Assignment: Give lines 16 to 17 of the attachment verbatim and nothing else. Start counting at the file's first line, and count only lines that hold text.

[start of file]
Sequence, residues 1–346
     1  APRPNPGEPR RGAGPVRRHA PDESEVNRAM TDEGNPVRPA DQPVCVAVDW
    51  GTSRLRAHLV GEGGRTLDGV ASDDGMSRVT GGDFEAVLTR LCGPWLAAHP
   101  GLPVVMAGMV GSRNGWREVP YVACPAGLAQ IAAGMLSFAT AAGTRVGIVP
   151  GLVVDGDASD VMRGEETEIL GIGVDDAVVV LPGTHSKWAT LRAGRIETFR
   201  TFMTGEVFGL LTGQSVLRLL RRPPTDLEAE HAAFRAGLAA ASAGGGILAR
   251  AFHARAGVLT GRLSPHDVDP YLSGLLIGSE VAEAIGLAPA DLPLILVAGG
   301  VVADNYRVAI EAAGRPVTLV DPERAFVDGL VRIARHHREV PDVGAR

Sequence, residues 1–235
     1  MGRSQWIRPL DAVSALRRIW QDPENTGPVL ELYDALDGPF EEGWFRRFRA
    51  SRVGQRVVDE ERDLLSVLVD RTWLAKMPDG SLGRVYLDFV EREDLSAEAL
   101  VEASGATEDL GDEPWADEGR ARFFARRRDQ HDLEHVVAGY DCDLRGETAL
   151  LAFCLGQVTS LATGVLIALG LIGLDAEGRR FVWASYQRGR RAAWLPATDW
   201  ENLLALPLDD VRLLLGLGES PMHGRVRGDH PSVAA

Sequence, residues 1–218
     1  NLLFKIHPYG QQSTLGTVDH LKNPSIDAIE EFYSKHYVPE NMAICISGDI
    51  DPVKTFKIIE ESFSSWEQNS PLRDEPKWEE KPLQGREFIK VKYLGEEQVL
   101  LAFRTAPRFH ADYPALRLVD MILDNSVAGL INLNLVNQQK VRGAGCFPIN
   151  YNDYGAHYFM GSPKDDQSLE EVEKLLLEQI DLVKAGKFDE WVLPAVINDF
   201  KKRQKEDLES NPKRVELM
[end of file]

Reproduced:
     1  NLLFKIHPYG QQSTLGTVDH LKNPSIDAIE EFYSKHYVPE NMAICISGDI
    51  DPVKTFKIIE ESFSSWEQNS PLRDEPKWEE KPLQGREFIK VKYLGEEQVL